2. We need all hands on deck in the fight against corruption: “Anticorruption efforts is a team sport, and they are essential to national security and global human rights”– Jeffrey Sallett, Forensic & Integrity Services Partner, Ernst & Young LLP (EY). Corruption is a complex problem, but it is one that we can solve if we collaborate and do our parts to make the world—a just and equitable place. Anticorruption efforts are continuous and require extended time, resources, and investment to ensure they are lasting and effective, and everyone has a part to play, including citizens, civil society organizations, government institutions, the private sector, and donors; there is always something to do. 
  3.  Trust is the foundation of good governance: When people trust their government, they are more likely to obey the law, participate in civic life, and support the government’s efforts. Governments must deliberately build trust by being open, transparent, and accountable. Doing this brings about increased economic growth, improved public service delivery, and ultimately impedes corruption. Civil society organizations like BudgIT are invested in promoting good governance and deepening trust across Africa, with offices in Nigeria, Liberia, Sierra Leone, and Senegal. BudgIT promotes citizen engagement with the government through Tracka, a citizen-driven platform in Nigeria that aims to reduce corruption and promote accountability in governance by engaging citizens to actively participate in monitoring government projects and public funds in their respective communities. Organizations such as ours and others that do meaningful work should be supported, as they contribute to a well-functioning society where citizens are empowered to hold the government accountable.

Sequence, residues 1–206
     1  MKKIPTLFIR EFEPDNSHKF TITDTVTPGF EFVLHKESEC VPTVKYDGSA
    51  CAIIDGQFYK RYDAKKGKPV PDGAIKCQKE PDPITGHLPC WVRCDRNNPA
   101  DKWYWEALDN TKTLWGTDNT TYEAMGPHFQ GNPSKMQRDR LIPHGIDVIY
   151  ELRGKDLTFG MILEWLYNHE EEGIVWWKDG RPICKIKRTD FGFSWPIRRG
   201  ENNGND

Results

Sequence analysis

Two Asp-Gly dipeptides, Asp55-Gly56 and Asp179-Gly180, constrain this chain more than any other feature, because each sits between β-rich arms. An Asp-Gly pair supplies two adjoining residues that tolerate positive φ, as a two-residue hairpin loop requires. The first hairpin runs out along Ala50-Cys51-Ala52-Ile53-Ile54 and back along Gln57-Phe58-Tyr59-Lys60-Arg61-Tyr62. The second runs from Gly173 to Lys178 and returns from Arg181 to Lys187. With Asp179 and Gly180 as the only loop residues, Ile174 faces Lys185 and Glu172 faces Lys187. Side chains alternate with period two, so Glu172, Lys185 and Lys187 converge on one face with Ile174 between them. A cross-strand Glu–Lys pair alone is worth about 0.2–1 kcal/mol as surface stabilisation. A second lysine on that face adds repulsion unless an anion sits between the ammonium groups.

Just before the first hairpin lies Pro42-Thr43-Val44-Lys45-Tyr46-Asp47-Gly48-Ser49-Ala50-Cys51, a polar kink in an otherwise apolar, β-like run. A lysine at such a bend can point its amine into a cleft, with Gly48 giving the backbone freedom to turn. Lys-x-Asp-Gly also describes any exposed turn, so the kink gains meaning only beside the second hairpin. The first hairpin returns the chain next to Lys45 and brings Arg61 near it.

4. Local partners and reformers are the best to drive anticorruption efforts: Local media, institutions, civil society, and the private sector know the local context and relationships with the people most affected by corruption. They are also more likely to be trusted by the people, which is essential for any anticorruption campaign; they are best positioned to raise awareness about corruption and educate the citizens about the different forms of corruption and their impacts on society. These groups bring immense value to anticorruption efforts and should not be overlooked. 

The Anticorruption for Development Global Forum was a major success. It raised awareness about practical anticorruption efforts in different countries and helped mainstream collective measures and actions that could be immensely beneficial to other countries. I am grateful for the opportunity to have attended the forum, and I am inspired to continue working to make the world a more corruption-free place. We must always remember that corruption is not just a problem for the poor and marginalized. It is a problem for everyone. Corruption undermines the rule of law, erodes trust in government, and stifles economic growth. It is cancerous and must be fought to create a more just and equitable world.

We are grateful to the MacArthur Foundation for supporting representatives from Nigeria to join the forum and contribute to the discussion against corruption. If interested, you can watch videos from the plenary discussions here.

Abiola Afolabi is the International Growth Lead at BudgIT and she writes from Chicago, USA.